(If you missed Part I, you may want to read that first!)
For one of my New Year’s habits, I’ve been starting my day with a set, morning routine. I wanted to start reading more and the best way to do that is to actually carve out a specific time for it. Every morning now, I make some tea and head out to the balcony (yep, Miami has its perks in January).
I’ve started the year by reading a couple of Austin Kleon’s books – he’s an artist that I follow on Instagram and I’ve been intrigued by his books for awhile. My in-laws gifted them to me for Christmas (thanks, Rob and Gini!), and I’ve been treasuring word upon word in both of his books, Steal Like an Artist and Show Your Work. (PS. Those are both affiliate links but I’ll ONLY ever link to things that I’m wild about, that I can promise you.)
As I was reading Steal Like an Artist, I came across this wonderful passage where he talks about the importance of keeping a logbook.
“Just as you need a chart of future events, you also need a chart of past events. A logbook isn’t necessarily a diary or a journal, it’s just a little book in which you list the things you do every day. What project you worked on, where you went to lunch, what movie you saw. It’s much easier than keeping a detailed diary, and you’d be amazed at how helpful having a daily record like this can be, especially over several years. The small details will help you remember the big details.”
Amen, Austin Kleon, Amen. His words especially resonated with me since I’d been keeping my index card journal for the past couple years – basically my logbook.
In the book, Austin has a picture of his logbook. I was completely and totally enamored.
I immediately knew that I wanted to change the rules for my index cards and let them evolve once again. Steal like an artist? Oh, I can definitely do that.
The timing of reading those pages was serendipitous because it was just a few days before January 1st. I had been contemplating my little index card journal and was a little worried because there were certain days where there was very little room left for 2015. Case in point:
I’ve definitely had days this past year where I wanted to list more events but held back because I knew I had to save some space for the 2015. Letting go of that pressure would be great. I was ready to try something a little different but that could still be done in less than five minutes. THAT part could not change.
From the example shown in his book, it looks like Austin converts a simple little calendar into his logbook. I’ve found a similar one right here. This may be easier if you travel alot, as my sister pointed out to me. Much simpler to stick a little bound book in your bag than a box of index cards (although what I’ve done when I travel is take the index cards for the time I’ll be away and stash them in a little ziploc bag). If this idea intrigues you but you don’t want to mess with chopping up index cards and finding berry baskets and vintage postcards, you could certainly consider that option. (The one I linked to may be a little small, although it would definitely work if you were sticking to the two or three sentence plan.)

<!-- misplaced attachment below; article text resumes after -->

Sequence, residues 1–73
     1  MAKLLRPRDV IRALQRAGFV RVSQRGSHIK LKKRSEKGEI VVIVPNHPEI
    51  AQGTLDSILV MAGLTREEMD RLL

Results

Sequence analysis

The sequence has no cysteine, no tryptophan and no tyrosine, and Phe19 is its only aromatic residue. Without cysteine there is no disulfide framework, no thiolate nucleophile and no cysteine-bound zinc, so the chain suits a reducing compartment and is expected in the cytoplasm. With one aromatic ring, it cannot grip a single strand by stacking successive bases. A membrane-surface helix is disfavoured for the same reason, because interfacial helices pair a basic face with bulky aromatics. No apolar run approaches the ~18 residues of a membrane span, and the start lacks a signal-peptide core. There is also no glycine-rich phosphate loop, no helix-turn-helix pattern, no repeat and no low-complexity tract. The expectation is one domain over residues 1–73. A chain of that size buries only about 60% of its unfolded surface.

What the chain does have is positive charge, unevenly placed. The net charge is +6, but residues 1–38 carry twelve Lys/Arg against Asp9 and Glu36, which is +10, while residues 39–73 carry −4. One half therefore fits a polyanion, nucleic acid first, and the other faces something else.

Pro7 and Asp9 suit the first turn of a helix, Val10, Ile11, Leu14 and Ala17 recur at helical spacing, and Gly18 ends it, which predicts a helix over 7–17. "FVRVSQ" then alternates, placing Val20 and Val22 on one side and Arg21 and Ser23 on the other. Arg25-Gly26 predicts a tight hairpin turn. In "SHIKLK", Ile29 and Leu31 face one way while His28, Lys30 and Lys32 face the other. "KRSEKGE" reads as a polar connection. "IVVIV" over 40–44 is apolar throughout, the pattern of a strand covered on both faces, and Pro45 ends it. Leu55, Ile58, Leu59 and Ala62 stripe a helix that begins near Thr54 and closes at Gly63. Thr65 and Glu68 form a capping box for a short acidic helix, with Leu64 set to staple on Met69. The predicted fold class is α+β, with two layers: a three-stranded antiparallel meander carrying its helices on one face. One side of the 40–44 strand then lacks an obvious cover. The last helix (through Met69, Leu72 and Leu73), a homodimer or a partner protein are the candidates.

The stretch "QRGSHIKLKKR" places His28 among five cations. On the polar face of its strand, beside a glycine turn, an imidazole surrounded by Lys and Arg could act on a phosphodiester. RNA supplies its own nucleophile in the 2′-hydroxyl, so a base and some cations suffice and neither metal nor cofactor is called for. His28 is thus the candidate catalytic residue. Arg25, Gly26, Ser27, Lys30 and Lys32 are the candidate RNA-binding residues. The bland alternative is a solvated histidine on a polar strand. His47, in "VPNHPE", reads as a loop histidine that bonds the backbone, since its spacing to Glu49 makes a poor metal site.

I decided to keep my index card system but make brand new cards for 2015. I bought larger, 5×8 index cards so I could cut them in half and still increase the size of my cards from what they were last year.
Next, it was time to stamp each card with the date. I briefly considered just handwriting the date on each card as I go – but I want to do this project long term. Even though I’m switching the format slightly this year, I want to be able to gather all of these cards into a larger system (wait, do I sense a PART III coming?!?!?!?!?!) – so I like the fact that all of my little cards will at least share the look of the date stamp.
Plus, I’m just kind of addicted to things that remind me of old-school office supplies and mail.
The date stamps would remain.
That StazOn ink is simply the best I’ve found – doesn’t smear, can stamp on photos, and is a deep, rich black color. I got my simple date stamp at Office Depot, but you could get a similar one here if you’re the Amazon type. Here are index cards that are the same size as I used.
Then I started stamping. I JUST now realized that I should have put the 2015 date on these since I’m not journaling multiple years on these cards…c’est la vie, I guess I’ll add it by hand on each card.
I realize the cards may look overwhelming when they’re all together like that – but that’s been the beauty of this system. It really only takes 5 minutes to do but when you start to piece them together, they look impressive. (You’ll totally be seeing my cards hit the MOMA at some point, I’m sure. Or maybe if you do this, too, we can have a GROUP installation!)
Graham even likes to help with this project:
Once my supplies come in, I’ll show you how I intend on cataloging all of these cards as I (hopefully) continue this journaling system over the coming years.